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Collect   /kəlˈɛkt/   Listen
Collect

adverb
1.
Make a telephone call or mail a package so that the recipient pays.  "Send a package collect"



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"Collect" Quotes from Famous Books



... disbelieved it, and I set to work to collect materials for a book which was to prove my case. For years I incessantly gathered statistics on the subject. ...
— Punch, or the London Charivari, Vol. 146, January 28, 1914 • Various

... to him no more just then, for he was busy. After a time he kissed her cheek, still motioning her to silence, and walked on, looking far before him, and sometimes stopping and gazing with a puckered brow upon the ground, as if he were painfully trying to collect his disordered thoughts. Once she saw tears in his eyes. When he had gone on thus for some time, he took her hand in his as he was accustomed to do, with nothing of the violence or animation of his late manner; and so, by degrees so fine that the child could not trace ...
— The Old Curiosity Shop • Charles Dickens

... than was promised, but he saw the country. I did not go, for the castle was, perhaps, ten miles off, and there is no riding at Raarsa, the whole island being rock or mountain, from which the cattle often fall, and are destroyed. It is very barren, and maintains, as near as I could collect, about seven hundred inhabitants, perhaps ten to a square mile. In these countries you are not to suppose that you shall find villages or inclosures. The traveller wanders through a naked desert, gratified sometimes, ...
— Dr. Johnson's Works: Life, Poems, and Tales, Volume 1 - The Works Of Samuel Johnson, Ll.D., In Nine Volumes • Samuel Johnson

... of Kamschatka about the beginning of July collect the foot-stalks of the radical leaves of this plant, and, after peeling off the rind, dry them separately in the sun; and then tying them in bundles, they lay them up carefully in the shade. In a short time afterwards, these dried stalks are covered over with a yellow ...
— The Botanist's Companion, Vol. II • William Salisbury

... have been left for me; and I have endeavoured to collect and communicate, in the clearest and most intelligible manner, the whole of the heretofore abstruse mysteries of the culinary art, which are herein, I hope, so plainly developed, that the most inexperienced student in the occult ...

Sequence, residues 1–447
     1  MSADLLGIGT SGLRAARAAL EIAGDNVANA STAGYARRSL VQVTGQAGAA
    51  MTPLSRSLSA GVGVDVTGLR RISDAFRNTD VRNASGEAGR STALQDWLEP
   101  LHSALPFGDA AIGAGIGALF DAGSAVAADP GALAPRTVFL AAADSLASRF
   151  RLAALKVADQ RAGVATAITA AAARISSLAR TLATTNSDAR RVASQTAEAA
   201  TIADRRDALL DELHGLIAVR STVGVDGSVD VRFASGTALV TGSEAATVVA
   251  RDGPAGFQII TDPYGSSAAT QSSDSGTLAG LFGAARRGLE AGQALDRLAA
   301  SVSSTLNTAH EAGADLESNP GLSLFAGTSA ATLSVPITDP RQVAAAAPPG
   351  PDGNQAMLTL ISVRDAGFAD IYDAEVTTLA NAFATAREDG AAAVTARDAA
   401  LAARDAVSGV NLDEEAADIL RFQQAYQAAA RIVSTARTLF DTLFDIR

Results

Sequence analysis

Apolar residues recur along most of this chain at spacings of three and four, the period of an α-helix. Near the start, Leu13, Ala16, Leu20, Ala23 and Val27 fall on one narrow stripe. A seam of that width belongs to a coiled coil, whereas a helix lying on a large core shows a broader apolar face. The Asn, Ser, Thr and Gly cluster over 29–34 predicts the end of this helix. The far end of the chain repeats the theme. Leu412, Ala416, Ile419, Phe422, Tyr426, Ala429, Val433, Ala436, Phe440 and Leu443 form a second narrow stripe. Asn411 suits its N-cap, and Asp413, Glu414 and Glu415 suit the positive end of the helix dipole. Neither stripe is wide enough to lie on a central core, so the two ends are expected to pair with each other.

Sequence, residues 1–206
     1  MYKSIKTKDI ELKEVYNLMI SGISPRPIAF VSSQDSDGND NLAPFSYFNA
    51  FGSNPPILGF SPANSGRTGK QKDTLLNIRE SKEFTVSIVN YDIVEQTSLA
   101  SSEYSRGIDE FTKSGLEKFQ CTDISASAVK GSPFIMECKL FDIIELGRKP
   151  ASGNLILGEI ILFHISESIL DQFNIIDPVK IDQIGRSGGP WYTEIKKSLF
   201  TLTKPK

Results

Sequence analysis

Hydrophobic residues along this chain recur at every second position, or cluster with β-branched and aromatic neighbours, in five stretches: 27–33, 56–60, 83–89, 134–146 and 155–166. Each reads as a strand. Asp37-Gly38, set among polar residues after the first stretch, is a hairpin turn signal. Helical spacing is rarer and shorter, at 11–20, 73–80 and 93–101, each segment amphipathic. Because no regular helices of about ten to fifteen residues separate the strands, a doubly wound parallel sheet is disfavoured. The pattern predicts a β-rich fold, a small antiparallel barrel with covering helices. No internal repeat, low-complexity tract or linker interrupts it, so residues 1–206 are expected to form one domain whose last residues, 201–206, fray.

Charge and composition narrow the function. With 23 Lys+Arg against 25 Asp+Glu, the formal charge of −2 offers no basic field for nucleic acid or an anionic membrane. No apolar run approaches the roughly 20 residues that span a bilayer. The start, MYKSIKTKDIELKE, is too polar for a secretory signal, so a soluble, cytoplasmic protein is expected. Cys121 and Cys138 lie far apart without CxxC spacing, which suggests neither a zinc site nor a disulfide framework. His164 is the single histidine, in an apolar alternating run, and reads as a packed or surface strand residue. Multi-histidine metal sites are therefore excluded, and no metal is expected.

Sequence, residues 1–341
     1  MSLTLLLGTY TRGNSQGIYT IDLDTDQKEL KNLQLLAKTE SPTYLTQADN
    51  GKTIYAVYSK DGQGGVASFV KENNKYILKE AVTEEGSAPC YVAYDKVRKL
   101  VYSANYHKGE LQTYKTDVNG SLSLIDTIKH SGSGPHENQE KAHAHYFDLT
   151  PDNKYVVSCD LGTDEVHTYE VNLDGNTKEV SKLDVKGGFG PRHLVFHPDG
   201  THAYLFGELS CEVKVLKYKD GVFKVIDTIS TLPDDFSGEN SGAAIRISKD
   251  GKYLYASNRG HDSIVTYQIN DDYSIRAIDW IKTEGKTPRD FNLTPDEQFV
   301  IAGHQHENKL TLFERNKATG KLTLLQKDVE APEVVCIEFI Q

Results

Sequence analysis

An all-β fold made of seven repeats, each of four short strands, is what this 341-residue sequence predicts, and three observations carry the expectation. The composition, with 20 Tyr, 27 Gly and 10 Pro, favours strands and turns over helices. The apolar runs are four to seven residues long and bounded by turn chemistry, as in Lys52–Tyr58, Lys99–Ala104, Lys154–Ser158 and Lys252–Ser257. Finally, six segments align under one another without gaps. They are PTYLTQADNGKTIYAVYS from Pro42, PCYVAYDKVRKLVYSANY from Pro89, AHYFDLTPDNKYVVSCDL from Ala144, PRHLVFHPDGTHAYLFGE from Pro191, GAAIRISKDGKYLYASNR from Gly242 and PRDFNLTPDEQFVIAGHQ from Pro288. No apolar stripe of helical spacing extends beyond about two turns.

— The Cook's Oracle; and Housekeeper's Manual • William Kitchiner

... sister; and they were often closeted together alone for an hour or more. Then she would come out to me, radiant with smiles, and full of excitement; and her brother would rattle on, hurrying from one topic to another, so as to leave me no power to collect my thoughts, or shape any questions which I was anxious to ask him. I am given to trust, as I have told you, and ever shall be, if I live to be a dozen centuries old. Still, I couldn't help having my doubts, my grievous doubts. Well, one morning, my brother-in-law called; he seemed ...
— Nearly Lost but Dearly Won • Theodore P. Wilson

... Crowds began to collect in the great amphitheater early in the morning. The streets leading to Notre Dame were thronged. Every window in all the lofty buildings around, and every balcony, was full. From ten to twelve the military bands began to arrive, and ...
— Mary Queen of Scots, Makers of History • Jacob Abbott

... living were always conscious of their continued relation to the dead, and sensitive of the influence of the powers of the underworld, yet there was not, strictly speaking, any cult of the dead. Let us attempt briefly to collect the salient features in ritual, and see to what conclusion they point as to ...
— The Religion of Ancient Rome • Cyril Bailey